My poet today is FH Denny. For the month of April, I have found a diverse group of poets willing to bare their souls to me and share both their poetry and answer my questions. Global Poetry Month is a great time to learn about poets across the world, and the people I have chosen to interview are a diverse group with a wide variety of identities, ages, and cultural backgrounds.
Poet and fiction author FH Denny was born in the U.K. but now lives in New Zealand. He/they write fantasy novels as well as poetry and are a passionate reader, stating his/their favorite book as the novel Watership Down.
In my poetry, I often find a common theme, but your poems seem to run the gamut of different themes. What inspires your writing?
If I were writing a book of poetry, I would try to stick to a theme, but the poems I share on my website are inspired by how I feel at the time. I’m using that space to experiment with different topics and finding new ways to express myself.
What kind of rituals do you have when writing poetry?
I’m not sure I have rituals. I am fairly spontaneous when it comes to poetry. I go through short periods of poetry-inspo where I write whatever comes into my head. Then I go for months without writing a single poem, not even a haiku.
Is there a particular time of day or place you like to write?
I write most of my poetry in my room on my computer. My desk is placed in front of a large window that overlooks the garden and fields that slope down to a small brook fringed with willows and lillies. We rent the fields to a neighbour who keeps the cutest miniature horses. Sometimes you can see the black rabbits that have made a home here and families of pukeko, New Zealand’s raptor-like swamphen. I write best in the mornings. My brain is sharpest then.
When did you first begin writing poetry?
I’ve been writing poetry since I was little. However, those poems consisted of made-up words, a shortcut to ensuring my sentences rhymed. Think of it as a poorly crafted Lewis Caroll attempt.
What transforms a poem from “good” to “spectacular” in your eyes?
The best poems are noticeably authentic. They’re not pretentious, nor do they try too hard with their structure. Even where craft is lacking, true emotion and honest sentiment ensure a profound connection with the reader.
Who are some of your favorite poets?
Emily Dickinson, W.H Auden, Sylvia Plath.
Do you find yourself emulating them when you work on your own poetry?
It’s more succinct and I’m learning how to put complex ideas into simple prose.
Which areas do you think you excel in? Which areas do you think you need improvement
I do not think I excel at all when it comes to poetry. I am definitely still a rookie. Therefore, I feel I could improve in every area. If I had to pick a specific weakness it would be a tendency to repeat myself. I like to say things more than once. Even in everyday speech, I have form for echoing what I’ve just said.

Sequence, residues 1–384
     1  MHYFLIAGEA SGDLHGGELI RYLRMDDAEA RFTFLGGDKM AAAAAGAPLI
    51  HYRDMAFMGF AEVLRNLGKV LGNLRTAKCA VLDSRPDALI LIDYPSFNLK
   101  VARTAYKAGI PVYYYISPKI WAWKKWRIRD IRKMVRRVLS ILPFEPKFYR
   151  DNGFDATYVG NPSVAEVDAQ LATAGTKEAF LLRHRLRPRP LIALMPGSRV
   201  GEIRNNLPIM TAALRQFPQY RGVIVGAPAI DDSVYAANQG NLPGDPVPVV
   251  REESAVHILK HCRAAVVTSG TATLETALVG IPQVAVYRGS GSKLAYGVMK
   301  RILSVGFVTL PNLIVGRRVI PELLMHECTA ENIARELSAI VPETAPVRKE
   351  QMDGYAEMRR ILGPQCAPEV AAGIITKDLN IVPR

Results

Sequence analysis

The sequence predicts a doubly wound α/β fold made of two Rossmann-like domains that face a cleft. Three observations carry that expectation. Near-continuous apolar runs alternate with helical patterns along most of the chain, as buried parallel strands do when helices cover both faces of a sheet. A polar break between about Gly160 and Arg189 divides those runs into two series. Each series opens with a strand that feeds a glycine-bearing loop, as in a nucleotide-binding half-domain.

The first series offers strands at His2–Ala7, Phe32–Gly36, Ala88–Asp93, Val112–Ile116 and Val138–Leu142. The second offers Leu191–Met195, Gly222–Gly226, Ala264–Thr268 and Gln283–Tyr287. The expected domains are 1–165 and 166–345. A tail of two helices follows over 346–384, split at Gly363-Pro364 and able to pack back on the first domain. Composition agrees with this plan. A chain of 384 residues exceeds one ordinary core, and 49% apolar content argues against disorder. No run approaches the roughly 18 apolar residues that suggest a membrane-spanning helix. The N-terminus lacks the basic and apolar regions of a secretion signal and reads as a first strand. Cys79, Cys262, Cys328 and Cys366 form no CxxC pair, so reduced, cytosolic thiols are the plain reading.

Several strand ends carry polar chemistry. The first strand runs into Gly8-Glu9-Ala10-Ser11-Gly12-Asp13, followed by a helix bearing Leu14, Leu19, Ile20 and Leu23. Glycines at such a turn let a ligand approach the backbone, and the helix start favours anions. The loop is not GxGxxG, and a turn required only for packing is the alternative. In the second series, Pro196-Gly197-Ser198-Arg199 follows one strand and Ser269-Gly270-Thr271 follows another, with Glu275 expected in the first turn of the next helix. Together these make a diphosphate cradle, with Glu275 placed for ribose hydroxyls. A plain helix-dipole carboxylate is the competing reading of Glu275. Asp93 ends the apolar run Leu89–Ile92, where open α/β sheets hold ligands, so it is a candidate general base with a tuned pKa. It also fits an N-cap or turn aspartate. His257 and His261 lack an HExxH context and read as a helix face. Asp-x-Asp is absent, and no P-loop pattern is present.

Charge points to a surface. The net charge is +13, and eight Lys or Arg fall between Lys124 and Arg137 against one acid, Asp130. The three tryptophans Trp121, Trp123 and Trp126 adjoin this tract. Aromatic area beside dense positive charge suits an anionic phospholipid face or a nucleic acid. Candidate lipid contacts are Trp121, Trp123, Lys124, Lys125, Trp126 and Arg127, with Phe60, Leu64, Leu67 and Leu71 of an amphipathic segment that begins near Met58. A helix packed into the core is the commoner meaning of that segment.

What is your favorite part about writing poetry?
It’s a way to put into words your inner fears, desires and hurts. As opposed to prose, you don’t have to worry about context, you can get straight to the heart of the matter. It’s probably one of the most therapeutic forms of writing.
Do you have a favorite word? If so, what is it?
Equivocal. One of my editors uses it a lot. I find the sound rather humorous. It’s such a pompous sounding word, yet it has a pixie-like ring to it.
Where can readers find more of your writing?
I don’t think you are in – Heaven – you are much too earthy for – Heaven.
I don’t think you are in – Hell – you are much too good for – Hell.
I don’t think you are a – spirit – you were not the spiritual type.
Although mum told me of fairy blood in you – as runs through the veins of the Manx.
Then you must be in your grave, but I don’t know where that is – we could not visit your funeral- See – but you can’t see for your eyes are closed, as is the custom of the dead.
Then you must be sleeping – somewhere where it’s green – or in a chocolate shop – maybe? Where would you have liked to lie – if lying you have been?
Pity – I wouldn’t know; I didn’t know you well.
Had I been far, far, away over the seven seas – maybe – but I fear you’d have more to lose.
I asked mum one day what you feared the most – she told me losing your mind.
I’ll tell you one thing, Grandma, God did not create this world, but perhaps it was Murphy’s law – I may have known you better, but you may have known me worse.
The more marbles you have cluttering your mind, the more marbles you’d likely lose.
A pity how the mind contradicts the heart – as your heart gets bigger, your mind gets smaller. You had friends in many places, from Nigeria to the Isle of Man and from New Zealand to the Isle of Crete.
Grandma, the world is unkind when it steals a nurse’s mind.
It is why you’re not Murphy’s nature – spirit, or a Heavenly – creature
But instead a valued memory – that touched those who mattered.
Grandma, those memories you lost weren’t really lost. They were just passing through – from your mind to your friend’s minds – to your family and kin.
I may not have known you that much then but I can picture you now.
Grandma – I know where you are now – you must be in our minds.